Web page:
• 3.

    There is considerable danger when uncontrolled drugs (over-the-counter drugs), such as aspirin and cough medicines, are consumed excessively or indiscriminately by pregnant women. Withdrawal seizures have been reported in infants born to mothers who are heavy drinkers. Fetal alcohol syndrome is present in some of these infants (see Chapter 20 , Fig. 20.17 ). The physician would likely tell the patient not to take any drugs that are not prescribed. Drugs that are most detrimental to her fetus are under legal control and are prescribed with great care.


  • 4.

    Many factors (fetal, maternal, and environmental) may reduce the rate of fetal growth (intrauterine growth retardation). Examples of such factors are intrauterine infections, multiple pregnancies, and chromosomal abnormalities. Cigarette smoking, narcotic addiction, and consumption of large amounts of alcohol are also well-established causes of intrauterine growth retardation. A mother interested in the growth and general well-being of her fetus consults her doctor frequently; eats a good-quality diet; and does not use illicit drugs, smoke, or drink alcohol.


  • 5.

    Amniocentesis is relatively devoid of risk. The chance of inducing an abortion is estimated to be approximately 0.5% to 1.0%. Chorionic villus sampling can also be used for obtaining cells for chromosome study. In percutaneous umbilical cord blood sampling , a needle is inserted into the umbilical vein with the guidance of ultrasonography. Chromosome and hormone studies can be performed with the blood obtained.


  • 6.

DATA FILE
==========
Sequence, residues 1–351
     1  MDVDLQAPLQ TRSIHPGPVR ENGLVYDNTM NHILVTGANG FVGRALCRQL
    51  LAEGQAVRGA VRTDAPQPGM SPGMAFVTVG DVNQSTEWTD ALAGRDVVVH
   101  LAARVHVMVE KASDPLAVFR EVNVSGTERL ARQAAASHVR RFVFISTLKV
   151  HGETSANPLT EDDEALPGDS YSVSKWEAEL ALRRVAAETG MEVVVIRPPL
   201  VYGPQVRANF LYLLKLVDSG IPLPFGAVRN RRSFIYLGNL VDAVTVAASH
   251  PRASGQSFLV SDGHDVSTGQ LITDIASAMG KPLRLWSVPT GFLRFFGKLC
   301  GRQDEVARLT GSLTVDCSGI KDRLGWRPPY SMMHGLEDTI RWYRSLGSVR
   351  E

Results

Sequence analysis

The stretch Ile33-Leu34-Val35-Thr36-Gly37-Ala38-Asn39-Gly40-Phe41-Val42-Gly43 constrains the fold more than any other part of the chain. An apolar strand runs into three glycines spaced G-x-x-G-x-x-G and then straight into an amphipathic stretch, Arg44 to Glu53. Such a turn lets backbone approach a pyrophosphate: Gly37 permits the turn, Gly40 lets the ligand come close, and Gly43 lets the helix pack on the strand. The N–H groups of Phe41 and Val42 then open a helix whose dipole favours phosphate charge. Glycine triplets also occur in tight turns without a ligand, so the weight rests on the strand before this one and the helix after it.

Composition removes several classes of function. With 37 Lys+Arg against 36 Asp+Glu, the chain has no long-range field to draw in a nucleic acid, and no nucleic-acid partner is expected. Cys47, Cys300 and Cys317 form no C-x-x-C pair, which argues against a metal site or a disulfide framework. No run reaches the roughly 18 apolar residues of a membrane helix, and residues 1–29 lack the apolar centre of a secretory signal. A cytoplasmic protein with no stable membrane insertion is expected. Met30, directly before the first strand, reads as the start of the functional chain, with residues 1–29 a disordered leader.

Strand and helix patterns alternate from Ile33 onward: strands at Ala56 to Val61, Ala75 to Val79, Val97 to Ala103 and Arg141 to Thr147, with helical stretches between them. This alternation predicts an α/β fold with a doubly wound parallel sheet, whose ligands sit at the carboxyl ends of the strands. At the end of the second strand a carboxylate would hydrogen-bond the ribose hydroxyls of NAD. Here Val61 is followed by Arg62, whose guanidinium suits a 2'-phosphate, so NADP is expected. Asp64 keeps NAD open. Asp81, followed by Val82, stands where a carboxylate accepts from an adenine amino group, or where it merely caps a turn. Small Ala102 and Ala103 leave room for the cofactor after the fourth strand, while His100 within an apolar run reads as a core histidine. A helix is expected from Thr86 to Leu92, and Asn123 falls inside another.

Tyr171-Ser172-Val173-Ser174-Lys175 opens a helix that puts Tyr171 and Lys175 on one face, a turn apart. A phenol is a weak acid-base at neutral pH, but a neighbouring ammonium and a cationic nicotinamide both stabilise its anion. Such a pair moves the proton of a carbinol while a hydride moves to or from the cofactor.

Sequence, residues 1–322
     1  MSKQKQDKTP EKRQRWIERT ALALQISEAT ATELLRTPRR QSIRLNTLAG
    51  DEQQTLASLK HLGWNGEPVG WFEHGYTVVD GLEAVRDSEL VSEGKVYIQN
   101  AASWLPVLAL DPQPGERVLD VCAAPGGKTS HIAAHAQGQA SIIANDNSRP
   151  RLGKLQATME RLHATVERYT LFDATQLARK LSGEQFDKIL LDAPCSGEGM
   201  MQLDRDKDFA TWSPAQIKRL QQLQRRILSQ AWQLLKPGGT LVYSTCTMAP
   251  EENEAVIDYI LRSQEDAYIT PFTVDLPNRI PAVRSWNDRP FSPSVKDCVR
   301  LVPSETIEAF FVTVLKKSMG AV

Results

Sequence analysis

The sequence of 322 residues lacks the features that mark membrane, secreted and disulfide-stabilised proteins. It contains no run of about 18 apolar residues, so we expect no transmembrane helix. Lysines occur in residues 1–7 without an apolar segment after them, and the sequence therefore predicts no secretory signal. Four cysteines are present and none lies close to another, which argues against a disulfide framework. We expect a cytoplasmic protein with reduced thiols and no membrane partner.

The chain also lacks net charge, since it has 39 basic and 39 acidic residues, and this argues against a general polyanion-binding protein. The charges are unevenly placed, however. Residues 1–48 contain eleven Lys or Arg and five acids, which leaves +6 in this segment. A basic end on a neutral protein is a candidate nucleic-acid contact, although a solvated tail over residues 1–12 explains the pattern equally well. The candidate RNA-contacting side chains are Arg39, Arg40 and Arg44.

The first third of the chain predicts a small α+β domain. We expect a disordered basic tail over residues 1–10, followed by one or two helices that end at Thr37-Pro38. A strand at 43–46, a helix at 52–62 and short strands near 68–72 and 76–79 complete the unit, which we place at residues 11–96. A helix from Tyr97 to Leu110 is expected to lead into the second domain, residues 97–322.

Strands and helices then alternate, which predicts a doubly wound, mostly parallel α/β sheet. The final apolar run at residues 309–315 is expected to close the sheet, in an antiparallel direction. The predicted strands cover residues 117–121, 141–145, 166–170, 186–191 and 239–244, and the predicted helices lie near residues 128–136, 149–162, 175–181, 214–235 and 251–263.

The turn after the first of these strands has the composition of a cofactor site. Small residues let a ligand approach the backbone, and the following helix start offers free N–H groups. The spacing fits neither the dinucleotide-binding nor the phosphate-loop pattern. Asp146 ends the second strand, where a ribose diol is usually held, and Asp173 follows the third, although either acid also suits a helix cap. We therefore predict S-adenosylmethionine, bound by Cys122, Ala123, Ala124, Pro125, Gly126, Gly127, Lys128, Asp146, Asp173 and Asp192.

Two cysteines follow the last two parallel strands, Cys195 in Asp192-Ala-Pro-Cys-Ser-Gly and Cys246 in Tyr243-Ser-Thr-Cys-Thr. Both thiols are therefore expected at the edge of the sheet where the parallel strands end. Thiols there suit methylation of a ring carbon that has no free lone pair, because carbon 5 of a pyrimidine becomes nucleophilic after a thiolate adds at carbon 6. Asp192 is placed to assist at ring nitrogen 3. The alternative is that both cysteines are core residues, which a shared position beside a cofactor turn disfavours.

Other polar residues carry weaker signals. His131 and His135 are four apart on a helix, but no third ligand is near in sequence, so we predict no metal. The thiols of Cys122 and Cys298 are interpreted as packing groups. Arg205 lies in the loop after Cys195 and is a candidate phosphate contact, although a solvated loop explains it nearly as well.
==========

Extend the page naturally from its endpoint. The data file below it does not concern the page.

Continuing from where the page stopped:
Alpha-fetoprotein is produced by the yolk sac, gut, and hepatic cells of the fetus. Neural tube defects (spina bifida and anencephaly) are indicated by high levels of alpha-fetoprotein . Diagnostic studies during the second trimester for chromosomal disorders would be done to monitor the levels of alpha-fetoprotein. Further studies and confirmation could be done using ultrasonography. Low levels of alpha-fetoprotein may indicate Down syndrome. Chromosome studies may also be done to check the chromosome complement of the fetal cells.





Chapter 7




  • 1.

    Polyhydramnios is an excessive amount of amniotic fluid that surrounds the fetus in the amniotic sac. This condition occurs in 1% to 2% of pregnancies. When it occurs over the course of a few days, there is an associated high risk of severe fetal birth defects, especially of the central nervous system (e.g., meroencephaly and spina bifida cystica ). Fetuses with gross brain defects do not ingest the usual amounts of amniotic fluid; hence, the amount of liquid increases. Atresia (blockage) of the esophagus is almost always accompanied by polyhydramnios because the fetus cannot swallow and absorb amniotic fluid. Twinning or a multiple pregnancy is also a predisposing cause of polyhydramnios.


  • 2.

    There is a tendency for twins to “run in families.” It appears unlikely that there is a genetic factor in monozygotic twinning, but a disposition to dizygotic twinning is genetically determined. The frequency of dizygotic twinning increases sharply with maternal age up to 35 years and then decreases; however, the frequency of monozygotic twinning is affected very little by the age of the mother. Determination of twin zygosity can usually be made by examining the placenta and fetal membranes. One can later determine zygosity by looking for genetically determined similarities and differences in a twin pair. Differences in DNA studies prove that twins are dizygotic.